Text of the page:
Editor’s Note: Amy Skinner is a regular guest columnist and has been a horse gal since age six. She will present an arena demonstration with fellow trainer and rider, Katrin Silva, at the Best Horse Practices Summit.
She rides and teaches dressage and Western. Skinner has studied at the Royal Andalusian School of Equestrian Art in Spain, with Buck Brannaman, Leslie Desmond, Brent Graef, and many others.
Amy Skinner writes:
Over the years, I’ve studied and worked as an intern under many great trainers. I’ve studied hard and tried my best to please my teachers. But teachers aren’t always right. And the person giving instruction on the ground, no matter how well meaning, does not have to bear the consequence of accident or injury.
I always say to my students: “What I am telling you is just my interpretation of what I see that your horse needs.”
That means I could be wrong. Or, it could mean that what I would choose to do in that moment may not be right for you.
Here’s something else I’ve learned:
As students, we need to keep one ear on the instruction and one ear on what’s going on more internally. For example:
- Assess our ability
- Assess our confidence level in the moment
- Assess our understanding of the instruction.
There are many ways to work at something. While there are merits to pushing our boundaries and our comfort levels, listening to our gut is an important lesson and one to always keep in mind during the educational process.
I know this personally from a bit of recent hindsight. These past few years of trial, growth, and a handful of injuries, have taught me a lot about rushing, about riding green horses before I or they are ready, and about working on a set schedule. While being laid up, I’ve had plenty of time to think about what this all means.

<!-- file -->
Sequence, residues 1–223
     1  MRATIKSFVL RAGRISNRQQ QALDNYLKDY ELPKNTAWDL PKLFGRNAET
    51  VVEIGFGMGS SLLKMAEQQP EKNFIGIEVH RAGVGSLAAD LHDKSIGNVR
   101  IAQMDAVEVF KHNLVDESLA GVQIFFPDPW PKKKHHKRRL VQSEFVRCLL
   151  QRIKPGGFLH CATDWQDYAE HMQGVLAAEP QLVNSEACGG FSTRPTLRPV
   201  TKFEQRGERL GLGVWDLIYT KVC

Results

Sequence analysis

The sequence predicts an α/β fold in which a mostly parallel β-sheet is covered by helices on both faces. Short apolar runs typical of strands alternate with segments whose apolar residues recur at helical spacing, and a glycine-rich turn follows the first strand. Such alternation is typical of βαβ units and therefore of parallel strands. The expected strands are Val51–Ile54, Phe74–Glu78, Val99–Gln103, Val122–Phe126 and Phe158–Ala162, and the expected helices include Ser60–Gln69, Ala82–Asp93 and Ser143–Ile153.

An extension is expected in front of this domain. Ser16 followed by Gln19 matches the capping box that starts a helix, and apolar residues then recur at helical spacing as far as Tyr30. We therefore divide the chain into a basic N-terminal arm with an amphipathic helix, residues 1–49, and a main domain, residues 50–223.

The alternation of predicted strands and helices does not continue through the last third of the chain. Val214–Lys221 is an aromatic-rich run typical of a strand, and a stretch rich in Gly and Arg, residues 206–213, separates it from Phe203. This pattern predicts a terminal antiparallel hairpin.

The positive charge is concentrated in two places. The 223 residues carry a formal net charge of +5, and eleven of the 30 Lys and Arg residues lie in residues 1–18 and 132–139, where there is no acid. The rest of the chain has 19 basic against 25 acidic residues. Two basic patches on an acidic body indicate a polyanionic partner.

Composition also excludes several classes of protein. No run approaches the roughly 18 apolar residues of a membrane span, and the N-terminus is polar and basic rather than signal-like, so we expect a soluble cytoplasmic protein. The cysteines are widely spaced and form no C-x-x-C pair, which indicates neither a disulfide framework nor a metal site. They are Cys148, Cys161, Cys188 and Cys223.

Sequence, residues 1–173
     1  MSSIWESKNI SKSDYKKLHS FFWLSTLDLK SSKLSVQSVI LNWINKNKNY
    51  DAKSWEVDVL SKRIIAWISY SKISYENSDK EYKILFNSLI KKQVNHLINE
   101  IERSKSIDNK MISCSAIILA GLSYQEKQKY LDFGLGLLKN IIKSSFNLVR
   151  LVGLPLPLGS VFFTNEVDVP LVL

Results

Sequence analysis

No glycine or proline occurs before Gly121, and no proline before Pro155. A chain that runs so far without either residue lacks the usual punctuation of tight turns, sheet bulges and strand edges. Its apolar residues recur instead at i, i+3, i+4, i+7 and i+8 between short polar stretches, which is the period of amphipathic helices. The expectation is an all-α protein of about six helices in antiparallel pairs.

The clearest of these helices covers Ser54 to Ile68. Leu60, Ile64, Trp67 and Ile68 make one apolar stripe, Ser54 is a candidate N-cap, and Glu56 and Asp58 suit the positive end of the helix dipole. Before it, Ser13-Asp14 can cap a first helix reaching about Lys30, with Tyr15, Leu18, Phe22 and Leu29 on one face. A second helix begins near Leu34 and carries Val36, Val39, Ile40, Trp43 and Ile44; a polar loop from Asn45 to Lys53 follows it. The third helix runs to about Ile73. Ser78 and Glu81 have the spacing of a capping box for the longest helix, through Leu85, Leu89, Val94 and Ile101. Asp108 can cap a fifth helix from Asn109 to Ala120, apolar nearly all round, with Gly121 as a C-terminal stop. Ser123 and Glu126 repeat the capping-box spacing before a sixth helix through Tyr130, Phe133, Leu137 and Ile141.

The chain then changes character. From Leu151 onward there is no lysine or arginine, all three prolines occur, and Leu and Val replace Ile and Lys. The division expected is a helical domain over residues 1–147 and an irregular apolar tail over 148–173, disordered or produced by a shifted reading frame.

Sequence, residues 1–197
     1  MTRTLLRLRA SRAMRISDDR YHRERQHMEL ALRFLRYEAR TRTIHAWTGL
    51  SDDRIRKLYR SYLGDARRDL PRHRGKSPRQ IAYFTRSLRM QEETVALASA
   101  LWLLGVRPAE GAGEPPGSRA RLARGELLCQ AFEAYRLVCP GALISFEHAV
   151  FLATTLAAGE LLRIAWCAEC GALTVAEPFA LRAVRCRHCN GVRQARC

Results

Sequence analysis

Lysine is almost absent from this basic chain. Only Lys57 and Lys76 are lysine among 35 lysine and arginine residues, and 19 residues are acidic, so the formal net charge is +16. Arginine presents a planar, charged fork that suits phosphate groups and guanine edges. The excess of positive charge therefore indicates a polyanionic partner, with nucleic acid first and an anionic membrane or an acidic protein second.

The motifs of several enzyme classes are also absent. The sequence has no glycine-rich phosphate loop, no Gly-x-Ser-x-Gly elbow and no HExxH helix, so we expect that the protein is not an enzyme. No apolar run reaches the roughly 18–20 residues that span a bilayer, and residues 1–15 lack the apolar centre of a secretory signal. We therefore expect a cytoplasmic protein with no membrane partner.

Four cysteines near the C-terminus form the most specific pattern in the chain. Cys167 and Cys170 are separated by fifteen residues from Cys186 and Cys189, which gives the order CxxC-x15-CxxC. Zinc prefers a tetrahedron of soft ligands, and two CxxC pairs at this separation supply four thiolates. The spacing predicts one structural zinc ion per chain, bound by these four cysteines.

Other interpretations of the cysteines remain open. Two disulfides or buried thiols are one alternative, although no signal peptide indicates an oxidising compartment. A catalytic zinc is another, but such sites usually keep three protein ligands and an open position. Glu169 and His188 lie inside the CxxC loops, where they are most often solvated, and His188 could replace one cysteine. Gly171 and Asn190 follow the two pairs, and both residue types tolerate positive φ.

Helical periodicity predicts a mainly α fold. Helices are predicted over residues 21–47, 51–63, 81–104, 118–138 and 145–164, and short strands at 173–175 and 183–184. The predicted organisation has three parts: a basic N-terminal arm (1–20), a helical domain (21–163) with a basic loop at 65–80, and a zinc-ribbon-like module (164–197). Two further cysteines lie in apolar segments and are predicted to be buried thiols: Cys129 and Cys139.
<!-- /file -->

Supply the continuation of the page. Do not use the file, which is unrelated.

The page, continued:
The phase of my life called “being a good student” is over. “Being brave” is done, too.
The new phase of my life is called “listening to my gut and being smart” and it has just begun.
Now, my interest is learning from my own instinct. I throw out pressures to ride a certain way, or to get horses going at any rate other than the horse’s and mine.
It’s my career, my well-being, and my conscience on the line. I wave off memories of:
- Every time I’ve been told to “grow a pair”
- Every time I’ve heard “haven’t you ridden him yet?”
- Every time I have had something to prove
- Every time I cheapened my horsemanship and ignored what the horse needed and was telling me just to get a job done or keep a client
Now, the only one pushing me is myself, and my horse. The horse can trust my investment in a good outcome in any given hour, day, or month.
I encourage you to do the same. Take all teaching with a grain of salt. Be a Horse Pleaser and a Conscience Pleaser, not a People Pleaser. Because after all, it’s only money and it’s only time. What do you have without your health, your peace of mind, and your relationship with your horse?
This! Yes! Love it.
Very well said. It would have been very nice to know when I was 20 and I didn’t. I’m glad to know it now. Keep spreading the word. For our own sake and our horses’s sake. I think that is what I regret most. The times I pushed a horse too hard to please and instructor.